I have been reading a few books about Shropshire of late
Todays little bimble takes in Wenlock Edge, a Limestone ridge running for some 18ish miles, I say ish as it depends what article/website you read.
It holds a world importance with in Geology circles, dating to some 425million years old, formed when the midlands held a warmer climate near the Seychelles. The Sullarian period dominated by coral reefs, the start of life on land and the first time fish developed jaws, Wenlock even lends its name to a period within the Sullarian era, with Ludlow offering another.
But today we explore relatively more recent history.
Our first figure is a rather villanous 13th century knight Ippikin, well less of a knight and more an all round nasty guy. There are rumours that Ippikin was the son of a knight, cast from his land and inheritance due to his un-natural cruelty and temper.
For years Ippikin and his band of robbers terrorised the edge, from their cave they robbed and pillaged anyone unfortunate enough to come across them. The stories differ, from some saying he had struck a deal with the devil, to having
supernatural powers to renew his youth every 70 years. All the locals feared him enough to stay away from his hideout where he is reputed to have kept his ill-gotten gains, mere men feared him but mother nature feared no mortal man and one night shook the earth so violently it caused a stone to tumble and trap Ippikin and his robbers inside. Soon their food ran out and they died trapped inside. Legend tells that Ippikin’s rock is the sealed entrance, the highway mans spirit still roams the edge. standing above the suspected cave only the foolish are brave enough to try and summon his spirit, repeat the following ‘Ippikin, Ippikin, keep away with your long chin!’ but beware you may anger his spirit and he is prone to pushing those over the Edge.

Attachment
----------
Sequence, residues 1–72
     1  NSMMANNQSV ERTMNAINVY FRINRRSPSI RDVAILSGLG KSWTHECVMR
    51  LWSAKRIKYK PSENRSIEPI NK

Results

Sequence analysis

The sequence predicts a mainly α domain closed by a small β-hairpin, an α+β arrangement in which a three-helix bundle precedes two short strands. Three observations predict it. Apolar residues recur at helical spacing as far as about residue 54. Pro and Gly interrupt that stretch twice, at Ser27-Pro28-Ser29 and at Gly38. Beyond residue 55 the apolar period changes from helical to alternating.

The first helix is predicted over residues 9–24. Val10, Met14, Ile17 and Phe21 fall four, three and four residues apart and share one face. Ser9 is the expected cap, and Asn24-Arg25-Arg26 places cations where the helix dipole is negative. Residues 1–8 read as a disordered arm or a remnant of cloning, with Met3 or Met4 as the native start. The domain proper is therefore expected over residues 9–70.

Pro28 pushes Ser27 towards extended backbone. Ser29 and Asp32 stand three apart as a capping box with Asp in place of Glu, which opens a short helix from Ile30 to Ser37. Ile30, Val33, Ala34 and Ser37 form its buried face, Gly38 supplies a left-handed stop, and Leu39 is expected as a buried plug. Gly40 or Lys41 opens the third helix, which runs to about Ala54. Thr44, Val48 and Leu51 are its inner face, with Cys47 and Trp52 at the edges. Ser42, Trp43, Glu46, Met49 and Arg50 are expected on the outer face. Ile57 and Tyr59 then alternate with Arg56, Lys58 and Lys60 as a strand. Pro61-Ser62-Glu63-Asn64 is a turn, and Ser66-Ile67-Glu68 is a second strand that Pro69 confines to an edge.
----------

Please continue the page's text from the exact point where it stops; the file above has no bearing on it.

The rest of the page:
it’s a cracking little places the wild garlic fills the air with that heady early summer aroma. It was hard to spot a potential rock fall big enough to block such a cave but with the local geology being of limestone it would lend itself to caves and rock falls, perched upon high it is easy to see amongst the twisted ancient wood why such a place retains the folklore.
It was such a hot day that I dare nor run to far with the pup, not far from here lies another wonderful folk tale, this one involves England civil war, horse chases and leaps of faith.
Major’s leap so named after Thomas Smallman, a local lord of Wilderhope manner, finding that his home had been looted by Cromwell’s men he set off in pursuit and retook his possessions, returning home he was captured by a larger force and held captive in his own abode, using a secret passage he managed to escape, thundering along Wenlock Edge in fevered escape, his pursuers closed the gap quickly, not wishing to be captured again he spurred his horse into jumping from the cliff edge
His horse died but he lived and managed to return with a Royalist force and retook his home. Standing here looking over, it’s a hell of a drop and one a man of steely determination would attempt.
I covered some 10miles overall, my first explore of the Edge, a quarry sits to the side of the path and warning signs declared blasting may be happening, these are but two of the many legends in the area the famous abbey still awaits an explore along with Much Wenlock its self.